By: The Working Forest Staff
Fillion got his start in Edmonton as part of the Rapid Fire Theatre and Die-Nasty improv groups. He rose to fame after his role in TV series Firefly.
The AFPA launched the Virtual Forest Tour featuring Fillion in hopes of drawing audiences in by combining comedy with education.
“Oh look Alberta, I can see your house from here,” Fillion says in the intro. “Not that I know where you live. To start exploring, select one of the three orange circles. Each one will take you to a different glorious stage within the forest life cycle.
Jason Krips, president of the AFPA, said that the agency wanted a way to make the virtual tours stand out.
“It’s a lot of fun to be able to land Nathan Fillion, local-born actor,” Krips said. “You really got a global name to walk us through.
“It’s super fun and it’s very educational.”
Fillion certainly adds some spice along with the education in his narration.
The tour starts with a pick between young, growing, or mature — but “choose wisely,” Fillion says.
“New forest. Who dis?” is the first thing Fillion says to the tourists in the young forest section.
“Dis looks like a good spot to set up camp. Did you bring the tent… you didn’t,” Fillion says. “Well, that’s going to be an issue. Without a cover that an older forest’s tree canopy provides we’ll have to snuggle up close to maintain body heat.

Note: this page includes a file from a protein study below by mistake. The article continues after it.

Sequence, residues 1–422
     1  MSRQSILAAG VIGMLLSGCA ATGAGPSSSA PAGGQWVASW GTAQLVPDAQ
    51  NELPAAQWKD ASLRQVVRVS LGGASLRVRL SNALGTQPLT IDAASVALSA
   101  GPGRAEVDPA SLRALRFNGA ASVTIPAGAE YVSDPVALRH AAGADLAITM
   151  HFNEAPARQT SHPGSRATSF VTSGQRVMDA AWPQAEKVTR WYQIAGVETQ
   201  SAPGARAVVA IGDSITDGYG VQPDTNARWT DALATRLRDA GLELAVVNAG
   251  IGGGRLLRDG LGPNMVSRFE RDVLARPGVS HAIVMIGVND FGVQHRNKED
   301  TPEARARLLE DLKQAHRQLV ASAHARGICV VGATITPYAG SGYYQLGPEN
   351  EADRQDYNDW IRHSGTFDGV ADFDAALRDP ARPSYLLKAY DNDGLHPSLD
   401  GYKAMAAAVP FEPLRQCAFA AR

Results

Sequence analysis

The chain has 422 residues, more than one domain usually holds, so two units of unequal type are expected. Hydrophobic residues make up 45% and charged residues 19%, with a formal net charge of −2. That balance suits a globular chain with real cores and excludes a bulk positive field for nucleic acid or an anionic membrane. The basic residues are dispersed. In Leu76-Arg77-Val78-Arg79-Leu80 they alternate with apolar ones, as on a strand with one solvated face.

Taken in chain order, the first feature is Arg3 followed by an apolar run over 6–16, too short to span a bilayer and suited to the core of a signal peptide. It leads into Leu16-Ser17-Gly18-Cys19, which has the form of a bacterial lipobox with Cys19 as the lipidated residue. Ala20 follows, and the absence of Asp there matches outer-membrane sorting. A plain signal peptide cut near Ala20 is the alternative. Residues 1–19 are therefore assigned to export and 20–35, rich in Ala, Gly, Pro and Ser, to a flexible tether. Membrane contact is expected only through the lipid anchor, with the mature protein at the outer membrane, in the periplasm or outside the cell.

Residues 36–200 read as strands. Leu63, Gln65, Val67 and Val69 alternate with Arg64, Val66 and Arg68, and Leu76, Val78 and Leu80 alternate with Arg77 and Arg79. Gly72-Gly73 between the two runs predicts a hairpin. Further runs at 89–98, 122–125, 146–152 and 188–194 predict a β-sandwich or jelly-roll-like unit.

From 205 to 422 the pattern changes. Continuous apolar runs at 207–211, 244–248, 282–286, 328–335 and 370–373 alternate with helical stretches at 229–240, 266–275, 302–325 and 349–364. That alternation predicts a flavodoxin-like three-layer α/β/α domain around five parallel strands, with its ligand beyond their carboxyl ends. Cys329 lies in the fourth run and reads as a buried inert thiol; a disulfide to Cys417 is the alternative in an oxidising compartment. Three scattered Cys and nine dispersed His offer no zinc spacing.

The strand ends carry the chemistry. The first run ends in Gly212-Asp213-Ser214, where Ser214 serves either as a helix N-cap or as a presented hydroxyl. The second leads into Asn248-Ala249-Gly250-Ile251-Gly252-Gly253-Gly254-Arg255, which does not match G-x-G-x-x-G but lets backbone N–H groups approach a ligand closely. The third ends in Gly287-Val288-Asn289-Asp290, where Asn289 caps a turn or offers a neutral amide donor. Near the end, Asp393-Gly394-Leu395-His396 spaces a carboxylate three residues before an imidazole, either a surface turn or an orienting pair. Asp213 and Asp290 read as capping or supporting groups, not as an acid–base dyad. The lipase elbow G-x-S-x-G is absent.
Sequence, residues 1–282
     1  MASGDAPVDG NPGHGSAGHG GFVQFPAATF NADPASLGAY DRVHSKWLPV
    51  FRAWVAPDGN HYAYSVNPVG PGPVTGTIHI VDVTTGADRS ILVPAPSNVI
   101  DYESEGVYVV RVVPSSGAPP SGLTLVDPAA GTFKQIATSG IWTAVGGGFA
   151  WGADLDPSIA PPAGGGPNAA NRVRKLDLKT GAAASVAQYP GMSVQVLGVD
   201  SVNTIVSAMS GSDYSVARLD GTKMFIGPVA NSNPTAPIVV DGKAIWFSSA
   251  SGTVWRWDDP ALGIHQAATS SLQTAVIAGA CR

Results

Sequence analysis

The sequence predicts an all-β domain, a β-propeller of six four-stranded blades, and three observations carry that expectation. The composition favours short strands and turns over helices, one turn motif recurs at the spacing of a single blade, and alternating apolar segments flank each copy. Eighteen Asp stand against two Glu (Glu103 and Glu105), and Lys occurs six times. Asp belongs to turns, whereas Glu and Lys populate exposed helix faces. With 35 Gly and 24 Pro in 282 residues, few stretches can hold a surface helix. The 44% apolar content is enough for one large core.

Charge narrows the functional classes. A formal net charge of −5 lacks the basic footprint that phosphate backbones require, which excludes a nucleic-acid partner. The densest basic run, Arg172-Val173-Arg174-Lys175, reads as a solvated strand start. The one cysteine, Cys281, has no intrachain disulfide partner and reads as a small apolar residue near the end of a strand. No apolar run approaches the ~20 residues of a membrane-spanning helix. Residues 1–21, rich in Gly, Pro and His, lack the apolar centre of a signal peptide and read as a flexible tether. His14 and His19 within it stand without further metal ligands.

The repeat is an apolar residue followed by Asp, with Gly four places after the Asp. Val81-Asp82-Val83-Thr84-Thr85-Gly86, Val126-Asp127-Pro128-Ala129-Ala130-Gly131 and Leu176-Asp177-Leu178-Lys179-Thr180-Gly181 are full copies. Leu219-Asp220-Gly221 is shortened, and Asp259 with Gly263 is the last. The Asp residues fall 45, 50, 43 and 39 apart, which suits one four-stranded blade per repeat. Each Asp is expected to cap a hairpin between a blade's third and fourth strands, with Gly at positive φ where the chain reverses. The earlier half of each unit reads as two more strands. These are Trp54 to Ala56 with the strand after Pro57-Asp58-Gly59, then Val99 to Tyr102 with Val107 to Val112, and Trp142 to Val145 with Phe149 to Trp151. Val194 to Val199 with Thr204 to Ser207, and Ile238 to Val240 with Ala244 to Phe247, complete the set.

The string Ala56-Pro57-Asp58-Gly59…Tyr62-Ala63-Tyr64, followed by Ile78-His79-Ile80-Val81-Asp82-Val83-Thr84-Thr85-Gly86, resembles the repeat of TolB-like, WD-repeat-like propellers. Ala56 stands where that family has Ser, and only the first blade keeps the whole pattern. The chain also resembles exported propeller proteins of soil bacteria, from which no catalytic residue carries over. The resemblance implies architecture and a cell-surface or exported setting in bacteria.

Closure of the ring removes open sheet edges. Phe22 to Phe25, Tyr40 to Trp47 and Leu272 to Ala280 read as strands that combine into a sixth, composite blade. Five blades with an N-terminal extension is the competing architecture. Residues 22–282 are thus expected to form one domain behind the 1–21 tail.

The three different tours are meant to showcase the importance of all stages of the forest life cycle.
“We’re really trying to educate and inform all Albertans of the benefit of Alberta’s forests,” Krips said.
“There are certain plants and animals that do well in young forests, some that do well in the middle-age forest, some that do well at end of life. But a full-managed forest, where there is harvesting and then rebirth through replanting, is extremely important to the environment.”
Krips added that Alberta’s forest industry actually had a strong 2020 following increased demands for paper products.
“We’re actually very fortunate the forest sector actually was deemed as an essential service, and when you take a look at the the toilet paper and the paper towel and the medical supplies that use fibre, it became a critical stage, too, especially the early on in COVID,” he said. “That started in a really strong year in 2020 after an initial bump down.”
He added that lumber was also sought after as people turned to home renovations as a COVID-safe activity.
The AFPA hopes the virtual tours help Albertans realize the importance the harvesting cycle — which is actually around a 200-year cycle of cutting, planting and growing — is for the environment.
“If you leave those trees too long, they become the hazards for forest fire and pests, which then actually emulate and expand carbon. So it’s important to actually harvest at the right time,” Krips said.
“The forest industry has such a great story to tell from an economic, social and most importantly, an environmental perspective.”
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